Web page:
Age Discrimination in Healthcare
Are you or your loved ones over 70? The United Nations Sustainable Development Goals (SDG) for 2016 to 2030 effectively discriminate against anybody older than 69. The SDG definition of “premature mortality” is deaths occurring among people aged 69 years old or younger. Consequently, the stated goal of reducing by a third “premature death” from non-communicable diseases such as cancer, stroke, heart disease, and dementia leaves out anybody who is a septuagenarian or beyond. According to experts on aging who published an article in the British Medical Journal on August 31st 2016, the concept of “premature mortality” needs to be either abandoned or redefined.
A release from the University of East Anglia notes that the authors argue that the 69 and younger target sends out a “clear and unambiguous statement” to UN member states that health provision for younger groups must be prioritized at the expense of people aged 70 or over.
They call on the World Health Organization’s (WHO) Division of Non-Communicable Disease, the lead global agency on this issue, to rethink the mortality target, saying that its use of premature mortality discourages research and data collection for older people. One example of this is the exclusion of older people from HIV targets. The team also points out that the target exacerbates and justifies existing levels of age discrimination in healthcare, and distracts attention from major challenges that especially affect older people, such as palliative care.
The release quotes the article’s lead author Peter Lloyd-Sherlock, professor of social policy and international development at UEA’s School of International Development, as saying, “The implications for all countries, the UK included, is that resources allocated to conditions such as cancer, cardiovascular disease and dementia should be diverted from older people in order to comply with this global target.
“The World Health Organization cannot continue to take this unethical and discriminatory approach. The SDGs are the key reference point for global health over the next 15 years and must jettison this ageist approach.”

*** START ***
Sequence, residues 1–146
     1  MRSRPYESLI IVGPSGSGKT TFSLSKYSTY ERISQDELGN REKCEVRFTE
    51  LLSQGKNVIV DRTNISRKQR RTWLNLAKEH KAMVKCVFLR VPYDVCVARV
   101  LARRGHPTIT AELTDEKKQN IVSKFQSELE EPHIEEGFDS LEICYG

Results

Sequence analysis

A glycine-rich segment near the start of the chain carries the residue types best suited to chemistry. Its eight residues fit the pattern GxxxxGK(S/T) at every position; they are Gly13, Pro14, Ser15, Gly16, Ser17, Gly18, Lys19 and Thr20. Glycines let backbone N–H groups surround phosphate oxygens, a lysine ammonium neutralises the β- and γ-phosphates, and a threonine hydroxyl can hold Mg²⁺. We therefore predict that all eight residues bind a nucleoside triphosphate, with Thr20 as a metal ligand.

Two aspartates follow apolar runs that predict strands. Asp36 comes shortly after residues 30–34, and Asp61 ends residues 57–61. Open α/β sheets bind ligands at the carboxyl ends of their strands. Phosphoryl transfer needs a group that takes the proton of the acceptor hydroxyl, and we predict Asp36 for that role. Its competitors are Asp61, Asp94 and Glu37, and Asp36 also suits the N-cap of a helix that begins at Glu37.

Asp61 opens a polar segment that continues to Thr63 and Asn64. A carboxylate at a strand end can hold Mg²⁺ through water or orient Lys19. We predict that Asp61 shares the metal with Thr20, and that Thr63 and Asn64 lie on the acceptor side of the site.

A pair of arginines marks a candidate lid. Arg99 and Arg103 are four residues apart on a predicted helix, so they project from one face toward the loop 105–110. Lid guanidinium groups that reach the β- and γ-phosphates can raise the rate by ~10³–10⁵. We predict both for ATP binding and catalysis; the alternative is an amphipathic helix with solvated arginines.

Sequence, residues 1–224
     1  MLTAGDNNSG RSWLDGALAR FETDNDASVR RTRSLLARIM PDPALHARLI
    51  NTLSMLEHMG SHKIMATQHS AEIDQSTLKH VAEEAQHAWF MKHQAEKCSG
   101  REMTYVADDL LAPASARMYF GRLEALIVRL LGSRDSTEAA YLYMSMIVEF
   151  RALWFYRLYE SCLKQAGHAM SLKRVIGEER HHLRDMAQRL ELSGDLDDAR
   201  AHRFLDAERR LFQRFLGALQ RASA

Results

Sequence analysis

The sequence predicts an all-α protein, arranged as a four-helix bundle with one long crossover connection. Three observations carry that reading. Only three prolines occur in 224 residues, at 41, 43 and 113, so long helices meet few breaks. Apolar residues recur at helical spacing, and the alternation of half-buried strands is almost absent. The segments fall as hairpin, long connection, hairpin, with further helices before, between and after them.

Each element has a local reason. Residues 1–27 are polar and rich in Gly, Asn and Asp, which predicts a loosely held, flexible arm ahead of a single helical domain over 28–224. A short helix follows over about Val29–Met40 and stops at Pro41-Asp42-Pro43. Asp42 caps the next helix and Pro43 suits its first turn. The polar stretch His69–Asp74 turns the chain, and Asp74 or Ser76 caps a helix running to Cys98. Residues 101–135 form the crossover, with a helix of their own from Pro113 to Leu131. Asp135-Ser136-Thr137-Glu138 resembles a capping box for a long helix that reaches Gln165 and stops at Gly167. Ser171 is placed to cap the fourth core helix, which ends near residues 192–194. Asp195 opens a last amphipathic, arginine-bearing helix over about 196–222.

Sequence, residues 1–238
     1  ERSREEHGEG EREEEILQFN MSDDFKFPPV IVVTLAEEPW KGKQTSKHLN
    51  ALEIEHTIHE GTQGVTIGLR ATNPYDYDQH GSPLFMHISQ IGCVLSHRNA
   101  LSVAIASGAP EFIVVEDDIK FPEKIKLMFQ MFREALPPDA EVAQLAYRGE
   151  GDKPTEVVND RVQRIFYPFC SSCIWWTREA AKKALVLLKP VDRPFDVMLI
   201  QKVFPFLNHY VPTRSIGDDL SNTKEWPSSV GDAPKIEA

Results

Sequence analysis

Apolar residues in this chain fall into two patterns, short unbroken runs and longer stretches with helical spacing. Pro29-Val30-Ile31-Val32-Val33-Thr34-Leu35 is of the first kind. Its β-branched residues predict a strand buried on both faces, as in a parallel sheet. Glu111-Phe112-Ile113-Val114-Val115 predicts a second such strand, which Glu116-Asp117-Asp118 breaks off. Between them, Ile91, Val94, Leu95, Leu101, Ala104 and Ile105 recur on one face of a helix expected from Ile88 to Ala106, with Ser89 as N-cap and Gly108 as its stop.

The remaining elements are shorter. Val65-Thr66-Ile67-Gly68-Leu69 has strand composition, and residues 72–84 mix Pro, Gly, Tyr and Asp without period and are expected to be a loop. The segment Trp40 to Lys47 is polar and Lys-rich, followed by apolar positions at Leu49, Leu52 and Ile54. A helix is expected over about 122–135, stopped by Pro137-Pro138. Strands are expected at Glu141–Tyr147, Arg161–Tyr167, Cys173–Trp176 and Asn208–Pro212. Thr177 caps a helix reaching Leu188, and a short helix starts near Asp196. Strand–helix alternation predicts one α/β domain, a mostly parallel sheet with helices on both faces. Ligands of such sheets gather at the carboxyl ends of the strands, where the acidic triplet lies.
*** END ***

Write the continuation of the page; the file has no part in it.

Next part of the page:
Setting out their concerns and recommendations in the BMJ, Prof Lloyd-Sherlock and co-authors Prof Martin McKee and Prof Shah Ebrahim, from the London School of Hygiene & Tropical Medicine, say the premature mortality target “sends a strong signal in favor of discriminating against older people”.
They add: “Since the 1990s key aspects of health policy have been framed by explicitly ageist principles…The prominent role given to premature mortality thresholds shows that ageism is becoming increasingly blatant. It is inconceivable that global targets would similarly discriminate against other groups, such as women or people with disabilities.”
Proposing a less discriminatory approach, they conclude: “Engaging with ageism in health policy does not mean throwing the baby out with the bathwater. We still need mortality indicators…so long as they are interpreted with care. Additionally, policy-makers should explicitly assess how the choice of measure impacts on the priority given to each age group.
“Highly cost-effective health interventions exist for people of all ages. Improved surveillance increases the scope to capture the disease burden in older people…In 2015 WHO published a report on ageing and health, indicating that WHO itself is ready to jettison ageist concepts and champion a more ethical approach. It is important that such progress is not undermined by poorly considered global targets.”
Commenting on the issue, Chris Roles, managing director of the charity Age International, said: “There is a need to rethink how we measure progress on tackling non-communicable diseases in all parts of the world. A focus on premature mortality discriminates against older people and doesn’t move us towards more effective management of multiple conditions, which is a critical priority for many people in later life.”